May 2, 2011

Snow again/yet/still...

Rain turning to snow forecast for tonight, and snow for tomorrow... this afternoon I was just counting up the days since it had snowed, thinking we might go a week......and....nope. 

This is the coldest spring I remember in many years, and my memory goes back over 50.  I am getting digging done, slowly, as the frost is well out of the ground, but on days when I get 4" of new snow, even if it's mostly melted by dinner, digging is difficult at best.  So bizarre to have a beautiful day like yesterday, sunny and nearly 60, and then back to wearing my down vest all day today even in the greenhouse.  I finally have species tulips in flower, almost 6 weeks behind! 
Things might turn themselves around at any time, of course, but La Niña is supposed to stick around another month at least,

 La Niña will continue to have global impacts even as the episode weakens through the Northern Hemisphere spring. Expected La Niña impacts during April-June 2011 include suppressed convection over the west-central tropical Pacific Ocean, and enhanced convection over Indonesia. Potential impacts in the United States include an enhanced chance for below-average precipitation across much of the South, while above-average precipitation is favored for the northern Plains. An increased chance of below-average temperatures is predicted across the northern tier of the country (excluding New England). (NOAA climate prediction ctr)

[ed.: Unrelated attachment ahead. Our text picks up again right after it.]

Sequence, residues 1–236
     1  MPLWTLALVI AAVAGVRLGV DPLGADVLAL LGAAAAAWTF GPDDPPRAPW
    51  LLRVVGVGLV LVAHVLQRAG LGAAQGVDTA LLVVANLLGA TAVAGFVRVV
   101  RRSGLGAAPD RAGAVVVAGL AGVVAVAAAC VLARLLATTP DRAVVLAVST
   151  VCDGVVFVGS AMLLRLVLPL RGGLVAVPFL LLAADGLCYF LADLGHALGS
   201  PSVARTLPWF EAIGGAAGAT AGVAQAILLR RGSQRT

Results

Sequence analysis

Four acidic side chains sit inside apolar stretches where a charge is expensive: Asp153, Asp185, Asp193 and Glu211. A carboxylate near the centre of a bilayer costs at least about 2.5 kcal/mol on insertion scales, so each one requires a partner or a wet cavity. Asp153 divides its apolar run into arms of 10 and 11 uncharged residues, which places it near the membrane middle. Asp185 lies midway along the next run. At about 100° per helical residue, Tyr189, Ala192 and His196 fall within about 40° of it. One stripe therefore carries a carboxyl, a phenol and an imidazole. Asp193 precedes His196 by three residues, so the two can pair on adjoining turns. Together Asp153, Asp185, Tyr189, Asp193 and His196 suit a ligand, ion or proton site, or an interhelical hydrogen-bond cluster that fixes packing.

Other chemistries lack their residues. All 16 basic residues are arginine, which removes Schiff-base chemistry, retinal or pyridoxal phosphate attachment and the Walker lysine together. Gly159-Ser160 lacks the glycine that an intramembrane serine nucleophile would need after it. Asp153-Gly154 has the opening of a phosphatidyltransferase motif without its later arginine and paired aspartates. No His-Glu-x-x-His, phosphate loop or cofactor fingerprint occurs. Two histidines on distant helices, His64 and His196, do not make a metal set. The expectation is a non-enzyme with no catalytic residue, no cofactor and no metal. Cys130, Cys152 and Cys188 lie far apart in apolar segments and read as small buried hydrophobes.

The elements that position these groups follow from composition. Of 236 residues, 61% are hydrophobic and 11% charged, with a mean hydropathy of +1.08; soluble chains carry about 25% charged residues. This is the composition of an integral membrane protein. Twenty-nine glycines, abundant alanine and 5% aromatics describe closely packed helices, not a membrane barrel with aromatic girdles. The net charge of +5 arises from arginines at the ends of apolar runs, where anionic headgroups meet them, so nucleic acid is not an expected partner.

and so I am wondering about the growing season this year; here on the farm my average frost free dates are June 11-Sept 5 and if this year keeps up as it is I won't get any tomatoes and maybe no apples...I can grow the former in the greenhouse (and do now; brandywines and paste tomatoes, plus maybe cukes this year)---- but not the latter.  I adored the huge glasshouse at the Morden Arboretum but OY just think of the labor and upkeep!

In adapting to my lessened abilities after the heart infection, I'm tearing down some of the raised beds and devoting some of the space to fruit trees (hah! short season ones preferred!) and some to lavender (as the deer and elk will weed and fertilize those for me and they don't need fencing); the removed materials will be added to a few other beds to raise them for better accessibility, and I've begun collecting cardboard in earnest, to lay in the paths, cutting down on the need for mowing.  This not only saves time and effort I can't spare, it softens the soil underneath, and a few beds will be fallowed with cardboard this season; I'll post results on that, along with results from a friend who is trialling different weed supression methods including that concentrated vinegar and boiling water.

The raised beds were assembled with the innovative stackable hinges from Lee Valley tools which make building a breeze; they will get re-used along with the cedar boards and the hardware cloth which will either add to the height of beds or be fashioned into tree baskets or smaller beds for the lavender (voles have no compunction about eating lavender, sadly.)

(NOAA is by the way, a wonderful weather forecasting resource, here is the link to the 30 & 90 day forecasting.)

1 comments:

Laurie Brown said...

It's been so wet and cold that at least 50% of the ground around the house is covered in moss and liverworts! I am not thrilled about this. All the other weeds are coming out of the ground easily right now, but the soil under the liverworts is still sticky and hard to get off the back of the 'worts. While I'm all right with moss, I have a serious hatred for liverworts. Time for more soil amending to try and make it inhospitable to them..